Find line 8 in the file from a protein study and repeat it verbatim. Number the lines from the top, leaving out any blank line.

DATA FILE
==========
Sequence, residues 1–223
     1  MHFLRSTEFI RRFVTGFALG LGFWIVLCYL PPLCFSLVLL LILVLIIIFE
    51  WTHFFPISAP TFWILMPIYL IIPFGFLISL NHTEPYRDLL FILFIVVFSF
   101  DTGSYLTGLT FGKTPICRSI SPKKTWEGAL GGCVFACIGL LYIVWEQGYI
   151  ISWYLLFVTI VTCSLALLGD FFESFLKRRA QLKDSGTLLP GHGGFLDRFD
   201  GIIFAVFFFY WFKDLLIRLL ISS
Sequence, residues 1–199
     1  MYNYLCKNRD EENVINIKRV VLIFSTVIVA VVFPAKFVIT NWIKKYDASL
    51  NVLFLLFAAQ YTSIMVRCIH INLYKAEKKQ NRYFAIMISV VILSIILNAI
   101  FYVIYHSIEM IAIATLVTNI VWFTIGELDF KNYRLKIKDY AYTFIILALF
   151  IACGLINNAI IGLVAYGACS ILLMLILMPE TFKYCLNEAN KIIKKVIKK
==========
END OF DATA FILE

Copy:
     1  MYNYLCKNRD EENVINIKRV VLIFSTVIVA VVFPAKFVIT NWIKKYDASL